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DWP Plans 2 Projects to Put Sewage Plant's Water to Use

April 30, 1987|ANDREW C. REVKIN | Times Staff Writer

Each day, 35 million gallons of water pour from the city's new sewage-treatment plant in the Sepulveda Basin into the concrete-banked Los Angeles River. The water runs east for seven miles and, as it passes Forest Lawn Hollywood Hills Memorial Park, flows over a decaying, partially dismantled dam before it courses to the sea.

The Los Angeles Department of Water and Power, eager to ease--even slightly--the growing strain on its limited supply of drinkable water, has planned two projects to capture some of that steady stream of waste water and put it to use.

Water officials have proposed a pilot project to test whether treated water from Donald C. Tillman Water Reclamation Plant might someday be used to replenish ground water beneath the San Fernando Valley, which provides 15% of the city's drinking water.

In the proposed experiment, the deteriorating dam would be replaced, and river water would be diverted into the Headworks Spreading Grounds, an expanse of shallow basins near Forest Lawn where water is allowed to percolate into the earth.

Approval of Greenbelt Project Expected

The DWP is also expecting final approval of its Los Angeles River Greenbelt Project, which would provide up to 2 million gallons of treated waste water a day for irrigation. Los Angeles and Glendale already use some reclaimed water.

In this project, conceived in 1982, water flowing from the Tillman plant would be diverted by the same dam into a separate basin, where it would be treated and then sold--for watering only--to four customers: Forest Lawn Memorial Park, Mt. Sinai Memorial Park, the Lakeside Golf Club and Universal Studios. All four facilities now irrigate their expansive grounds with water from the city's regular supply.

The proposals are being assessed by county and state health agencies, which monitor any use of reclaimed water to ensure that there is no risk of the water carrying disease or potentially hazardous concentrations of industrial chemicals.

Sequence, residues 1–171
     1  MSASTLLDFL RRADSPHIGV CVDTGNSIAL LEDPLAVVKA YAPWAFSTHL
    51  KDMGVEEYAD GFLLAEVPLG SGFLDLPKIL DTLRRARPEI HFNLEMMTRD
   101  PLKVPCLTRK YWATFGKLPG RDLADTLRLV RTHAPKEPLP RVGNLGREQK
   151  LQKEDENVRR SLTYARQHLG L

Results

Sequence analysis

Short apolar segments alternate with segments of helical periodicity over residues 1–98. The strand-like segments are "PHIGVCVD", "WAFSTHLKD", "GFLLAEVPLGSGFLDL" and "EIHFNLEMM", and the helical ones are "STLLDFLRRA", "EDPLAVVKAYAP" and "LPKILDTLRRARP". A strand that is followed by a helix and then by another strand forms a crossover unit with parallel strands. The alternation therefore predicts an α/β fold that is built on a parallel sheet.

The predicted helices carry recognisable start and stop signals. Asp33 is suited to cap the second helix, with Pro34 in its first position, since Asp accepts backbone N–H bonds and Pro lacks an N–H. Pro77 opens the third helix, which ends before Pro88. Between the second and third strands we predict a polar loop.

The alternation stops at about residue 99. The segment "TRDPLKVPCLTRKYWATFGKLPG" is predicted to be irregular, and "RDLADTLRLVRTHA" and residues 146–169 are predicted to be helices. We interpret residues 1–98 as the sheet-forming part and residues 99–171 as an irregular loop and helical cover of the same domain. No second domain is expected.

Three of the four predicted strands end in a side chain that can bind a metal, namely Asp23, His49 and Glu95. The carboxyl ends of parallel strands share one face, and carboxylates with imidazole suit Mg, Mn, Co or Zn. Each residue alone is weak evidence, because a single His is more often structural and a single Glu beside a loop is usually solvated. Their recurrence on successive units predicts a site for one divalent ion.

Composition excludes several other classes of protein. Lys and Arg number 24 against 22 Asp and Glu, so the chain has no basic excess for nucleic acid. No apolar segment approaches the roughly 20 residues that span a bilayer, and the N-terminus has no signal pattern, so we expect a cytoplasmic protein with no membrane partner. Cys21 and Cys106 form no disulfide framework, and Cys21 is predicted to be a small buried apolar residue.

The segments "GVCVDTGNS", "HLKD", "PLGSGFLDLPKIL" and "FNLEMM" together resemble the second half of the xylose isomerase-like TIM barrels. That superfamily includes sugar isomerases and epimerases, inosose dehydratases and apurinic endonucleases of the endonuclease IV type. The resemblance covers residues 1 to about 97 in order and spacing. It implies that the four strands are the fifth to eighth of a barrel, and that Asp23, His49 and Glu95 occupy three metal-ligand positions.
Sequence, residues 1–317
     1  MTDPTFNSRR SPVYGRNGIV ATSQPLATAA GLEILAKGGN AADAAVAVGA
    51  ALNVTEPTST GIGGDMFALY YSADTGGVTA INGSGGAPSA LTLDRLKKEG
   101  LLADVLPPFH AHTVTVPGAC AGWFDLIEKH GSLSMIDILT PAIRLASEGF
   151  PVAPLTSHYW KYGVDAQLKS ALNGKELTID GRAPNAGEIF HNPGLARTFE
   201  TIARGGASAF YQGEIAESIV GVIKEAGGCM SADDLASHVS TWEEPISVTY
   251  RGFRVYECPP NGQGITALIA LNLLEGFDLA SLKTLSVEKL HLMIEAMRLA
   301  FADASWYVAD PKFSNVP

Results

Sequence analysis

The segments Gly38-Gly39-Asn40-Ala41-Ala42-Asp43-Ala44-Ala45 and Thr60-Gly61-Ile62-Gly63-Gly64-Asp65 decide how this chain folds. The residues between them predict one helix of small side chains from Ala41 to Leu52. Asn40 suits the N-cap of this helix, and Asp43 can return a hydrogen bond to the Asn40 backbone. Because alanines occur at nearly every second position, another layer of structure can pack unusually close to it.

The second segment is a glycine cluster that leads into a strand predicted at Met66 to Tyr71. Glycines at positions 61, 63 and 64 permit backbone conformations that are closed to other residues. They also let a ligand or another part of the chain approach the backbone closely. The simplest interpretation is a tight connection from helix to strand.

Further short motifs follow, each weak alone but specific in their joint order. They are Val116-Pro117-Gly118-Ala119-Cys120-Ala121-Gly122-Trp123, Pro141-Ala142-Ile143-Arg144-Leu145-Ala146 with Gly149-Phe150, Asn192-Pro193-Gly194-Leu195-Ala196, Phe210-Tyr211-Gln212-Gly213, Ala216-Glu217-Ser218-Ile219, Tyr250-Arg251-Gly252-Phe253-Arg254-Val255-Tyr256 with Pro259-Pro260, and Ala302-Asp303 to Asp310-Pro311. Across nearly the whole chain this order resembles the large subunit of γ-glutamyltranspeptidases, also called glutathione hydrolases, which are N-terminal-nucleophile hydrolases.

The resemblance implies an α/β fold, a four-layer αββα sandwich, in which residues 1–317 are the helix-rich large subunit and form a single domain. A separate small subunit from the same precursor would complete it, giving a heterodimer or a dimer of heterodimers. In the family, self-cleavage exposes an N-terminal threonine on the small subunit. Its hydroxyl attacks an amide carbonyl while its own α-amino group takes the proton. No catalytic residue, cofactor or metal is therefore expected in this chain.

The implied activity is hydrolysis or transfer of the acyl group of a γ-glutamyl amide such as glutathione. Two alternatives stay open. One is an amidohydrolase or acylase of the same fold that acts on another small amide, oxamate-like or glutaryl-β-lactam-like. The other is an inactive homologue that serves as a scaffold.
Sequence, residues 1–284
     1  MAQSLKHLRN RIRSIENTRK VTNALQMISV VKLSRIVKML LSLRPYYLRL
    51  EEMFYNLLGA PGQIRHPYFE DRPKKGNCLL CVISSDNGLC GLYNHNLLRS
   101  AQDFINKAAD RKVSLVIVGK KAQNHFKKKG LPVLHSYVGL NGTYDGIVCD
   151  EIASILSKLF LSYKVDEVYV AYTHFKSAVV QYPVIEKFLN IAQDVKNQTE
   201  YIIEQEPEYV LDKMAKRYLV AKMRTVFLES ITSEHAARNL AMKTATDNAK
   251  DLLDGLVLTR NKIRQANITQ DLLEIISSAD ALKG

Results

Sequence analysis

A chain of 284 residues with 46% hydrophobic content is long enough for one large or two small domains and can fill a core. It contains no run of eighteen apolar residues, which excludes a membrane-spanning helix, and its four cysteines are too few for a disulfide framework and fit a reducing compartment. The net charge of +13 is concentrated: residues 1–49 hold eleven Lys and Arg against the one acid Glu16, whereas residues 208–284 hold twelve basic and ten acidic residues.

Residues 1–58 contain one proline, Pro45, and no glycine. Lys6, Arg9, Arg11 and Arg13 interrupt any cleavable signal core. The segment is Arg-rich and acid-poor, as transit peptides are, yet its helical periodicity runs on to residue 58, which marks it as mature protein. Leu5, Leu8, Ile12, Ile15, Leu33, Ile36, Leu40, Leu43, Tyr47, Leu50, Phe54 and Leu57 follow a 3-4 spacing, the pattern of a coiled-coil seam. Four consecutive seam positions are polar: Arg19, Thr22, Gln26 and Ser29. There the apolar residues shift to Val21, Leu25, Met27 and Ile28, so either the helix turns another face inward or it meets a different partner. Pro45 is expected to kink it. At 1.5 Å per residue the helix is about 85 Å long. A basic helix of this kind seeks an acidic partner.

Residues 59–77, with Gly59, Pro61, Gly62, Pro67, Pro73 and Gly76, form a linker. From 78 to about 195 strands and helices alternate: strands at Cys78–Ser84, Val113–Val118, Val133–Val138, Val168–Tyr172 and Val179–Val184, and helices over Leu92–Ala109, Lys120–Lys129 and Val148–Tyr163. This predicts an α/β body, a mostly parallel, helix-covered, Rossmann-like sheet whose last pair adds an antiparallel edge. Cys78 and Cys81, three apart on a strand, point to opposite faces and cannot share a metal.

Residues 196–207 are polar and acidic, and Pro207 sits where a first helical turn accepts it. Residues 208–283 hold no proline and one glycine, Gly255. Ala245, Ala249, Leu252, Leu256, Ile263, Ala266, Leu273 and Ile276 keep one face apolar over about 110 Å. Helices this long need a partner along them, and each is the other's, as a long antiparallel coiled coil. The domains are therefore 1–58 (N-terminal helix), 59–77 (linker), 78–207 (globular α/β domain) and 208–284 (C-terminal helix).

The DWP started diverting water from the Los Angeles River to the Headworks Spreading Grounds in 1917. The technology used to block the river flow changed in the 1950s from swinging wooden barriers to an inflatable rubber dam, but the idea remained the same: to recharge the natural subterranean reservoir locked in layers of sediment beneath the Valley with water that would otherwise run to the sea.

By 1982, the rubber dam had deteriorated until it needed replacement, said Walter Hoye, director of water engineering for DWP. But DWP left the dam alone, having planned to take it out of service anyway because, he said, the river was scheduled to be taken out of service soon as a source of drinking water.

Plant's Operations Halted Diversion

In the Sepulveda Basin, construction was about to start on the Donald C. Tillman Water Reclamation Plant, to treat the sewage of the West Valley and dump the treated waste water in the river. The DWP, once the plant was operating, would not be allowed to divert water from the river to replenish ground water.

The Tillman plant, which achieved full operation in September, 1985, removes most of the particles that reduce the clarity of the water, kills viruses and bacteria, and lowers concentrations of most hazardous chemicals to below limits set by the state for drinking water, said Robert Krivak, assistant plant manager.

The eight-stage treatment process at Tillman was not designed to meet all drinking-water standards, Krivak said, but it produces water that meets all standards for irrigation.

The turbidity, or cloudiness, of reclaimed water from Tillman and other waste-treatment plants is usually at least twice that allowed for drinking water, Krivak said. Because about 10% of the sewage treated at Tillman comes from industrial plants rather than homes, it occasionally contains a variety of potentially toxic compounds, including metals such as chromium and other chemicals, including cyanide, Krivak said.

Most of these chemicals are removed by the treatment process, but some are actually created during the process. For example, when some benign compounds are exposed to chlorine, they produce hazardous byproducts, said Peter Rogers, chief of the sanitary engineering branch of the state Department of Health Services.

Both DWP proposals to reuse Tillman water would require that the deteriorated rubber dam in the Los Angeles River below the plant be replaced. The river water diverted by the dam could be channeled either into a clay-lined basin that would be dug for the project or onto the spreading grounds for the pilot project to recharge ground water, said Winston Wu, a DWP water resources planning engineer.

Wu said that DWP is seeking bids for a new dam, which is expected to cost about $500,000 and resemble the previous rubber dam, a tube of rubberized fabric across the cement river bottom that can be inflated, either with air or water, to divert river water into adjacent basins.

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